Under the FIDIC form, whether it is the 1999 Rainbow suite or the 1987 Fourth Edition, which is still used fairly widely in the Middle East today, obtaining a decision from either the Engineer (4th Edition) or a DAB (1999 suite) is generally a precondition to a party being entitled to commence arbitration. This can often result in two conflicting questions:
(i) What can I do if the other party to the contract refuses to
assist in the appointment of the DAB? How do I resolve my dispute
if there is no Engineer and no Engineer's decision? Can I go
straight to arbitration?
(ii) Do I have to go through the DAB process? The contract is at an end. Obtaining a decision of the DAB is just an unnecessary duplication of costs.
There has been a recent decision in Dubai on this very question, but first a recap of the position in the UK.
England: Peterborough City Council v Enterprise Managed Services Ltd1
Here, following completion of a project, where the contract was based on the FIDIC 1999 Form, Peterborough alleged that the plant had failed to achieve the required power output and claimed the Price Reduction. On 6 January 2014, Peterborough issued a letter of claim under the Pre-action Protocol. EMS responded that in accordance with the Contract terms the dispute ought to be referred to a DAB. Mr Justice Edwards-Stuart was therefore asked to consider whether or not the terms of the Contract required a dispute to be referred to adjudication by a DAB first as a pre-condition to any court proceedings. If that was correct, should the court exercise its discretion and order that the Council's proceedings be stayed?
On the first issue the Judge decided that upon a proper interpretation of the Contract, sub-clause 20.8 would only apply to give Peterborough a unilateral right to opt out of DAB adjudication if the parties had agreed to appoint a standing DAB at the outset. Accordingly, given that sub-clause 20.2 provided for ad hoc DAB appointments, the Judge accepted EMS's argument that the Contract required the determination of the dispute through DAB adjudication prior to any litigation. The right to refer a dispute to adjudication arises under sub-clause 20.4 as soon as a DAB has been appointed, whether under sub-clause 20.2 or 20.3.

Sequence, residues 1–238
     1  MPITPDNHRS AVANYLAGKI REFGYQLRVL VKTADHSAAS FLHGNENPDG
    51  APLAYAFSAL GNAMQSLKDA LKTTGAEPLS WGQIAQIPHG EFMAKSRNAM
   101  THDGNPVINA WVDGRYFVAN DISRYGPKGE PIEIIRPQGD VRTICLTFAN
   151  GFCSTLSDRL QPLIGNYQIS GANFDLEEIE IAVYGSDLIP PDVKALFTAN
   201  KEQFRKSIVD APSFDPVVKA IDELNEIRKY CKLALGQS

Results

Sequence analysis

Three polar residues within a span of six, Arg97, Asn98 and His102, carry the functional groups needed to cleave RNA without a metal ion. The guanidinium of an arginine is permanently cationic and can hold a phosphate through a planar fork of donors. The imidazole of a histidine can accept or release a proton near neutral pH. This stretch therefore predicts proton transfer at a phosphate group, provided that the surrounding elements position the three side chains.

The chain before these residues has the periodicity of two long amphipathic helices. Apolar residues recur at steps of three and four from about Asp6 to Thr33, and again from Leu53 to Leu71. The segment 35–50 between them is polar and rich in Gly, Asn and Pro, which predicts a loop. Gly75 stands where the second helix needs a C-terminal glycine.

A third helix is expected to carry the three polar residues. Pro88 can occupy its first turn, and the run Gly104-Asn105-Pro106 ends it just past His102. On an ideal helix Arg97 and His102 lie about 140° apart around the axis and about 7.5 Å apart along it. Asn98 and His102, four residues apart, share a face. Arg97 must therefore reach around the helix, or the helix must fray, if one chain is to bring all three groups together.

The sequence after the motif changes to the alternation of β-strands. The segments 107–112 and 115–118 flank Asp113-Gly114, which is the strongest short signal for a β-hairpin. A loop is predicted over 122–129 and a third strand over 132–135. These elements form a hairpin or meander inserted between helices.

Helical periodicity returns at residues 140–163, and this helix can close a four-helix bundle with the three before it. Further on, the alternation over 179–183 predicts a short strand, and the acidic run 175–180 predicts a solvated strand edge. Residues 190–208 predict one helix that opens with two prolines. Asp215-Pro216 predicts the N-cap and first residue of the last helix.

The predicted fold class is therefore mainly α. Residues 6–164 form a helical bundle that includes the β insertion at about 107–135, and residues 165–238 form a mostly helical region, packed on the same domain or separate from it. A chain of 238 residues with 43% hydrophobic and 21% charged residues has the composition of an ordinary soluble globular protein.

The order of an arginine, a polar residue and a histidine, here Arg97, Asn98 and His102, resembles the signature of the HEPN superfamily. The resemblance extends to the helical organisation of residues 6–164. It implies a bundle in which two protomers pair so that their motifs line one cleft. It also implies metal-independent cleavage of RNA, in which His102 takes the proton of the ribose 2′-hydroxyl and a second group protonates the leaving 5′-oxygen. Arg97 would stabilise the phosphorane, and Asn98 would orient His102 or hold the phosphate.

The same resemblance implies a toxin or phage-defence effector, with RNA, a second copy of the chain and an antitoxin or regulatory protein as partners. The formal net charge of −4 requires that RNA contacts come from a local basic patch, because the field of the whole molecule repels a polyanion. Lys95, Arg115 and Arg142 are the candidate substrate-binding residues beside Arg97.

Peterborough then argued that sub-clause 20.8 provided an opt-out from DAB adjudication but that if reference of a dispute to a DAB was mandatory, the court proceedings should be allowed to continue on the grounds that:
(i) what was a complex dispute was unsuitable for a "rough and ready" DAB adjudication procedure; and
(ii) any DAB adjudication would be an expensive waste of time as it was inevitable that the losing party would go to court.
Peterborough submitted that any decision by the DAB would almost inevitably provoke a notice of dissatisfaction from one or other party. Accordingly, to embark on the fairly lengthy (and therefore expensive) adjudication procedure under the contract would be a wholly or at least largely unproductive exercise. The dispute raised complex questions of construction and application of legislation, mandatory codes and standard industry practice and would require extensive disclosure. Therefore the "rough and ready" process of adjudication was entirely inappropriate to resolve this dispute.
However, the Judge noted that this was nothing new: the complexity of a potential dispute about when the required power output was achieved was foreseeable from the outset, yet nevertheless the parties chose to incorporate the adjudication machinery in the FIDIC form of contract. Both parties therefore agreed to the "rough and ready" adjudication procedure.
That said, in circumstances where the parties had not yet invested time or money in the DAB adjudication, the Judge was sympathetic to Peterborough's case that the court proceedings should not be supplanted by adjudication. However, the overriding principle, as illustrated by the English legal authorities, clearly showed a presumption in favour of leaving parties to resolve their disputes in the manner they had agreed to in their contract. DAB procedures must be treated as mandatory.
Accordingly, the Judge ordered that the court proceedings were to be stayed.
Dubai: Commercial Case 757 of 2016